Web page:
Under the proposals, put forward by Brexit Secretary David Davis, Northern Ireland would be subject to both EU and British trading rules.
Mr Davis is also considering a 10-mile-wide trade buffer zone to allow local traders, including dairy farmers, to trade freely.
He hopes the dramatic plans would eradicate the need for any Irish border checkpoints, a major demand from EU chiefs in Brexit talks.
A senior British official today revealed Mr Davis' blueprint is "one of several ideas being discussed" as the UK prepares to leave the EU.
The radical plan is a major revision of 'maximum facilitation' customs deal, also known as max fac.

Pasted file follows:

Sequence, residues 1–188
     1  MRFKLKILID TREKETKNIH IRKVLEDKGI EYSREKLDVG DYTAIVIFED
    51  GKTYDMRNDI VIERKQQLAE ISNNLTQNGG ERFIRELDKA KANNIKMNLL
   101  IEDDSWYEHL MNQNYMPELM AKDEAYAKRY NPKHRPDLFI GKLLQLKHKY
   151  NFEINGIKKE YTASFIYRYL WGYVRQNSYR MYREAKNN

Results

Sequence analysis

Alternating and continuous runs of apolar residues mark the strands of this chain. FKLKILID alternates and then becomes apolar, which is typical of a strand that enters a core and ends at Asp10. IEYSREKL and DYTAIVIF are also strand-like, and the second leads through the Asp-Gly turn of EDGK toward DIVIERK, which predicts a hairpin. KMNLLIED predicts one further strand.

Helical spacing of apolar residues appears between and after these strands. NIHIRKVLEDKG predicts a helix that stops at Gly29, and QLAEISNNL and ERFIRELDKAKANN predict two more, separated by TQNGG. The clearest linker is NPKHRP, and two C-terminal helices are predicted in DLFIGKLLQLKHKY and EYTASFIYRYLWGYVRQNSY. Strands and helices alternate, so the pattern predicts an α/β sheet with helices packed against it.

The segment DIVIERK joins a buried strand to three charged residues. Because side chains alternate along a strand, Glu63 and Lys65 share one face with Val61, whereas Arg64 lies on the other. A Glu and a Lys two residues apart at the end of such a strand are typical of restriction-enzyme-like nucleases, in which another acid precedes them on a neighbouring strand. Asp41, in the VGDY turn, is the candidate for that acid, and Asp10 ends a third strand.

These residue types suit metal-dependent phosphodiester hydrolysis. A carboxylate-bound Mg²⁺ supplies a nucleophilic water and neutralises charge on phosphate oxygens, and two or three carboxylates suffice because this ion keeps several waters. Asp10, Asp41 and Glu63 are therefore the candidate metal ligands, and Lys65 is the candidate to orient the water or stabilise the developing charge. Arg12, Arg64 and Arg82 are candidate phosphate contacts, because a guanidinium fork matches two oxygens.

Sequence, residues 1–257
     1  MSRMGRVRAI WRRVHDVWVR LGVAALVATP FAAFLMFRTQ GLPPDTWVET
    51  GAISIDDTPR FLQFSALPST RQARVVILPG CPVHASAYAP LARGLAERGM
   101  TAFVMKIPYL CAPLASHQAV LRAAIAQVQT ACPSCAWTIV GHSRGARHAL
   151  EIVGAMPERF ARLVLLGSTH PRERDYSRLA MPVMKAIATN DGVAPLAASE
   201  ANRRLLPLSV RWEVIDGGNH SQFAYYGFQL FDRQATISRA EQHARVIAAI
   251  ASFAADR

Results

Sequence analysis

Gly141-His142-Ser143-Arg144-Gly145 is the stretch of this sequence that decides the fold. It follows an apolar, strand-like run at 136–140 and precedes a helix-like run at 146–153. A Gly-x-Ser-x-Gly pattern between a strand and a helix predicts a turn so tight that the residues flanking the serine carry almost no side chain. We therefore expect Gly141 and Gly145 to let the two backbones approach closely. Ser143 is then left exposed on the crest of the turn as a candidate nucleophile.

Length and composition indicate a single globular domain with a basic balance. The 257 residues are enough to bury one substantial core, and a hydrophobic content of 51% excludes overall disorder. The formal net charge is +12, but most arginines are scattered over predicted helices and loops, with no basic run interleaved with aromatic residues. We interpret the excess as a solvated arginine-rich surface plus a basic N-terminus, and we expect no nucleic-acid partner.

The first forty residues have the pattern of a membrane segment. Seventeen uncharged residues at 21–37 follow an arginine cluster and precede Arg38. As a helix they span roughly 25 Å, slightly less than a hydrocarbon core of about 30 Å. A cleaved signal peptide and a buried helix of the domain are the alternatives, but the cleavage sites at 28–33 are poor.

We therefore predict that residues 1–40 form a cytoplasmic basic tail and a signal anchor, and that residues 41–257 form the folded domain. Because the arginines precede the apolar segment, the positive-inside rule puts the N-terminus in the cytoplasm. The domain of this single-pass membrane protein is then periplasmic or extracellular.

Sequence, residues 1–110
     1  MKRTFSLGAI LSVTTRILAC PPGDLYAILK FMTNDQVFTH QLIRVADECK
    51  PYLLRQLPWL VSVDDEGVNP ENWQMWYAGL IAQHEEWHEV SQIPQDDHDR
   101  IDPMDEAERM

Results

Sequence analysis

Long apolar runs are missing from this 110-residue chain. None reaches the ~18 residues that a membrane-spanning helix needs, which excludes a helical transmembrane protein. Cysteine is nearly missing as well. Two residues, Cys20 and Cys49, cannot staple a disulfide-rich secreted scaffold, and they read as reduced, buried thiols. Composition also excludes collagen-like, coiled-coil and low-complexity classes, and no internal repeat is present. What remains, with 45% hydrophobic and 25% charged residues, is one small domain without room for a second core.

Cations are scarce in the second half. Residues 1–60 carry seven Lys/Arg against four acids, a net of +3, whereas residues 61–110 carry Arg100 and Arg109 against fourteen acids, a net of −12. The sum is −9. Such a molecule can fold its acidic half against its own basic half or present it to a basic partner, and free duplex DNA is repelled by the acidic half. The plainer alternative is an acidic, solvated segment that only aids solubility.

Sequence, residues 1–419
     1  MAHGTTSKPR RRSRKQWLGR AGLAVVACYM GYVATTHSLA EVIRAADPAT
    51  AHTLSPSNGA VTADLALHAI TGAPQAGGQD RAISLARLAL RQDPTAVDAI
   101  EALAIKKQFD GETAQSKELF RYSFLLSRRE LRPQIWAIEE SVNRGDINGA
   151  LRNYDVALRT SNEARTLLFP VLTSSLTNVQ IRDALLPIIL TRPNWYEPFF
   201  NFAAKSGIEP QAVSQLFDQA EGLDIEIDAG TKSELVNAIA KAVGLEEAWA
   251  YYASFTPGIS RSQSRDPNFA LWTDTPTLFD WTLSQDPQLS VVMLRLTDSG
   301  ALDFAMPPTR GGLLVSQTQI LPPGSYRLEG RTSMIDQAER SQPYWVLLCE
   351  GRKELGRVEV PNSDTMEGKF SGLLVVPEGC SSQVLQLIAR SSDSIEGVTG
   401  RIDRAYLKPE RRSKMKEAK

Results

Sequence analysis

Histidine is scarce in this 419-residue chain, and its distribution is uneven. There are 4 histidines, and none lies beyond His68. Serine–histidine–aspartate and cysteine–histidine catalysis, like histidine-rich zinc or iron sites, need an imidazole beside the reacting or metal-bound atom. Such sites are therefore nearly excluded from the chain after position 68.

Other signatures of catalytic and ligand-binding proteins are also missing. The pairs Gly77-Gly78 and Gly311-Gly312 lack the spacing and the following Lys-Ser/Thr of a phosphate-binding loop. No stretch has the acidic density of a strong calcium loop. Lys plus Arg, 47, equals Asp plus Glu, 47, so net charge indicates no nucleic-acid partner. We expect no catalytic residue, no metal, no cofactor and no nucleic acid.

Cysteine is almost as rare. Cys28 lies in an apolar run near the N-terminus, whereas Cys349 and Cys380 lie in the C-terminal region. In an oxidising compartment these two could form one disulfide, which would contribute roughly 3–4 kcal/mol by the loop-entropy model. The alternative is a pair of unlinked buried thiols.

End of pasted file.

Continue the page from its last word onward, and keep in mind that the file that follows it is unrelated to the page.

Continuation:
'Max fax' would involve using technology to reduce post-Brexit customs checks by monitoring goods passing through the UK.
A Whitehall insider said: "Max fac 2 is tremendously complicated, but it's at least something the Cabinet can unite around.
"Persuading the DUP and then the EU to agree to it will be a different job altogether and, let's be honest, it will be very hard work.
GETTYNorthern Ireland could be given joint EU and UK status after Brexit